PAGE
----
A Miniature Lichen Forest in Brazil - Observation of the Week, 10/5/22

Our Observation of the Week is this Cladonia lichen, seen in Brazil by @paularomano

From 2004 through 2016, Paula Romano lived in Brazil’s Itatiaia National Park, a period which she considers “the golden period of my life because I had the opportunity of observing one of the most biodiverse places in the world every day. There, I got in touch with many researchers who helped me start to understand the dynamics of a forest.”

And in 2008 she came across the remarkable lichen you see above. “Lichens always called my attention,” says Paula. 

This Cladonia was a great surprise because I had no idea it was a lichen and I had never met someone who studies them. Its shape is totally different from any plant and lichen I had ever seen. I remember that the first time I saw it I was very astonished…I wonder how it evolved to reach that form.

A few weeks ago Paula posted her photos of this lichen to iNat and they were identified by @carlosvidigal, a Brazilian lichenologist, as potentially either Cladonia calycanthoides or Cladonia imperialis (more details would be needed to say for sure). I asked Carlos, who studied Cladonia for his masters degree, for some information about these lichen.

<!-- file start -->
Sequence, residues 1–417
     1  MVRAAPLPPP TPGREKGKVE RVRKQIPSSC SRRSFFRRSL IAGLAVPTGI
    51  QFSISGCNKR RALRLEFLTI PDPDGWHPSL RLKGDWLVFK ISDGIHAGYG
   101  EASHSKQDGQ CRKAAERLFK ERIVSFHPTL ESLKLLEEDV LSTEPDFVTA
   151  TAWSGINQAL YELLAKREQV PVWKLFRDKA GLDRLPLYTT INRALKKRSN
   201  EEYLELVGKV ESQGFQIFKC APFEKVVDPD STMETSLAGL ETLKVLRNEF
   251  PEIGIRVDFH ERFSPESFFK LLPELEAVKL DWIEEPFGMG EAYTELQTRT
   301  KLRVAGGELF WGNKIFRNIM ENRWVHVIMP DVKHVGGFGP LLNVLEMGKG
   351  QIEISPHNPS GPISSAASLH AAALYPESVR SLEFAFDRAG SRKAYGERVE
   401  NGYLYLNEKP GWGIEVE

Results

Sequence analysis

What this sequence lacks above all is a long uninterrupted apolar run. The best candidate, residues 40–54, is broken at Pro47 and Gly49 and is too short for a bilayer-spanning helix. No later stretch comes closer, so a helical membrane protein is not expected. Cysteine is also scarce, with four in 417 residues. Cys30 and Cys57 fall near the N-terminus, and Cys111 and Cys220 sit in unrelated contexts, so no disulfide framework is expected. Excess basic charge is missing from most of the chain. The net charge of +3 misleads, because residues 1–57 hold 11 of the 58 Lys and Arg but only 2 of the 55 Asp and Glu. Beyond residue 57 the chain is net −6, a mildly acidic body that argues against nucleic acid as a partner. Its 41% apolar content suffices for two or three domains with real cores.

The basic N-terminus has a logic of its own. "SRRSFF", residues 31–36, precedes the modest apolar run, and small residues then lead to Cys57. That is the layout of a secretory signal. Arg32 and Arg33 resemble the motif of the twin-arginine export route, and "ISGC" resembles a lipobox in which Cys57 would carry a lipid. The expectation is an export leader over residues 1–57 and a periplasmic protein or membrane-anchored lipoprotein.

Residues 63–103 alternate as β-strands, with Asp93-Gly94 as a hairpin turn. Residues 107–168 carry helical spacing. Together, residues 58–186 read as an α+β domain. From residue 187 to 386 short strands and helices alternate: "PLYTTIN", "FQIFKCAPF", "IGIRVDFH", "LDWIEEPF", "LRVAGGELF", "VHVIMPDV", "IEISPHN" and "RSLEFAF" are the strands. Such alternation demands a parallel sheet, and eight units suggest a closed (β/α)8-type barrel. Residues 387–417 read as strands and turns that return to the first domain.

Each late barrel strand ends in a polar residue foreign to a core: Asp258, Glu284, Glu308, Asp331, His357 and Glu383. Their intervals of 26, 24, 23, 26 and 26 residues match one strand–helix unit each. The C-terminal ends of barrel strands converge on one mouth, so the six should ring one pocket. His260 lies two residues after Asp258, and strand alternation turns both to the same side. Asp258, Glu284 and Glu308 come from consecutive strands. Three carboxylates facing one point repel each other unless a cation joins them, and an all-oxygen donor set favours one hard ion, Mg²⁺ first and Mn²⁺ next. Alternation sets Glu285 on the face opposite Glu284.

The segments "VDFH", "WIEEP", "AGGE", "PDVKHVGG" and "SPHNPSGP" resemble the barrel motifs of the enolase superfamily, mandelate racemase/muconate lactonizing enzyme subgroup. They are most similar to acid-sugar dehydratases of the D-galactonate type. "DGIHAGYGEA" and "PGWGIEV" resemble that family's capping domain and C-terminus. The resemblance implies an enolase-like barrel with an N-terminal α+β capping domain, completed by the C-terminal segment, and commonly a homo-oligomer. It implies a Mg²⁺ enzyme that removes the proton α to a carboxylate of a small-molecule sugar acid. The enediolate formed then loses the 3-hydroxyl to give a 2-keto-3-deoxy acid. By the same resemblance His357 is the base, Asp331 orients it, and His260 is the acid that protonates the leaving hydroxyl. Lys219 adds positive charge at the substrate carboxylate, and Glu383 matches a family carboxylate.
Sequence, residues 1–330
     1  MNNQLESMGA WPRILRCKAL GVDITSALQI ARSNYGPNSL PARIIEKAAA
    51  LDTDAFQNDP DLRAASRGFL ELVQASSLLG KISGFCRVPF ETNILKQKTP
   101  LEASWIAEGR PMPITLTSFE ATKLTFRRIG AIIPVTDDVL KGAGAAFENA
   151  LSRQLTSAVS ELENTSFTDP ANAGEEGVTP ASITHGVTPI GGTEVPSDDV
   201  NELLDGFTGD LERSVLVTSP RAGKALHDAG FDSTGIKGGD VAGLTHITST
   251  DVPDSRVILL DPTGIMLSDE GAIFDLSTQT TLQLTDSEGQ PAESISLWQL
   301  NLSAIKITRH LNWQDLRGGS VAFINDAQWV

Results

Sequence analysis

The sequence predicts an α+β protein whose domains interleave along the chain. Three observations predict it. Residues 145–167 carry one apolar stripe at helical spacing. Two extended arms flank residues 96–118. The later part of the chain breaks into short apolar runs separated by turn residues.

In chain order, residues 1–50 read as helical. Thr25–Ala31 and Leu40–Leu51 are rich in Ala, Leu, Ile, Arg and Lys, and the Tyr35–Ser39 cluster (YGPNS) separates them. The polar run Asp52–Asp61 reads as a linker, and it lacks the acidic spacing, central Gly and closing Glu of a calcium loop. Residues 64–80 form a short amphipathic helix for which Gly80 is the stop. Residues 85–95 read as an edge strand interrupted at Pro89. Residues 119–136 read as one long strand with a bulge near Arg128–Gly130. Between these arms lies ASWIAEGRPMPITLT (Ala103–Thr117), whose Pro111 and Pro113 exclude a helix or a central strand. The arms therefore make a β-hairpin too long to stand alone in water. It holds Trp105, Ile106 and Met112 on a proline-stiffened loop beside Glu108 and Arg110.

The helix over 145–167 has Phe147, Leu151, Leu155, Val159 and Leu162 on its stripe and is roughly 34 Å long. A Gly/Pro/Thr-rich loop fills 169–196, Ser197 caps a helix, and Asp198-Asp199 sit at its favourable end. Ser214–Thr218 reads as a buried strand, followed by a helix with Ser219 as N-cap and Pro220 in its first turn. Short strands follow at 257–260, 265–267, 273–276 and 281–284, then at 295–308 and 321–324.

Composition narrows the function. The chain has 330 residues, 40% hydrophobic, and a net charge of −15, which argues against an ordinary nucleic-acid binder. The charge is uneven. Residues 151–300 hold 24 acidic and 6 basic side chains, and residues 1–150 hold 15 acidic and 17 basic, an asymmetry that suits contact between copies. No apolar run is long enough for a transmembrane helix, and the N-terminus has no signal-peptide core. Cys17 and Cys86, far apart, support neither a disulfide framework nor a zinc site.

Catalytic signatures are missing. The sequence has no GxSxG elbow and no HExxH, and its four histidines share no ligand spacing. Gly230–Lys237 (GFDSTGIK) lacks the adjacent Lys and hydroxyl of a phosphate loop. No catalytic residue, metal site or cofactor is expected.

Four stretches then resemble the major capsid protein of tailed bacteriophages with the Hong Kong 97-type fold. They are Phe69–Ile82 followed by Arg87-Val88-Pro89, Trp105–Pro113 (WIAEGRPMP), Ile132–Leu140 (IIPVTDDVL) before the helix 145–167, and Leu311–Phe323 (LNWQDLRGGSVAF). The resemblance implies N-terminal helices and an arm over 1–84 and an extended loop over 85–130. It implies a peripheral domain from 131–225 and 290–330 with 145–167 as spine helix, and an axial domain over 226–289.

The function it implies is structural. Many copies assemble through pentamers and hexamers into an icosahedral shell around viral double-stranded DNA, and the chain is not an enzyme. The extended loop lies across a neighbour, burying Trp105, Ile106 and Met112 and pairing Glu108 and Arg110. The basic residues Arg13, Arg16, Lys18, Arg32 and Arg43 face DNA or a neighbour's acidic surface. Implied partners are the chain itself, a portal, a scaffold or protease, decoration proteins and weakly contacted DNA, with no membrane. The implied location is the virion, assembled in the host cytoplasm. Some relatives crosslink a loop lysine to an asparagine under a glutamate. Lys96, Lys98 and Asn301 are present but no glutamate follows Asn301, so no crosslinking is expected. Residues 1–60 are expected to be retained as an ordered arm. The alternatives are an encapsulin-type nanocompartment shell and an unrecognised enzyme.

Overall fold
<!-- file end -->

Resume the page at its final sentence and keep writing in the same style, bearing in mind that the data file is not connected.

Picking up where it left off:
Both species occur on highlands and rock outcrops and can reach up to 15- 30 cm tall, making them the tallest in the genus. Members of this genus occur mostly on the ground, rocks or near the ground on dead wood. 

The majority of the species are characterized by this vertical thallus, which are called podetia. There are a great range of shapes and sizes but this one specifically we call “verticillate” as the scyphi (the cup) flares from the center from another scyphi, like growing in tiers. Recent studies show that Brazil is the center of diversity of Cladonia and they are everywhere.

Paula (above, in 2009) says she’s not an academic person but is interested in many areas of nature. “My main interest (or curiosity) has always been the connection among the species and how we are dependent on them, mainly insects in general,” she says, and she’s volunteering at a community garden, documenting the various plants and animals found there. She’s also been teaching Photography and Citizen Science workshops, drawing from her experience photographing nature since 2004. 

She joined iNaturalist last year, “mainly to make my observations useful.” 

It's nonsense to have so many useless observations. I was very bothered by it. It's also a very good way to study the biodiversity I’ve been registering since 2004 when I bought my first digital camera. Each photo I take I have in mind that it must have an educational function.

I can tell you that iNaturalist is a good therapy as well. There is always a celebration in my brain when an observation is used for research.

I don´t think [iNaturalist] has changed the way I interact with or see the natural world, but it certainly has emphasized it, made it deeper and wider. Much deeper and wider. Thanks to the identifications and maps, it's possible to show people how fragile some species are.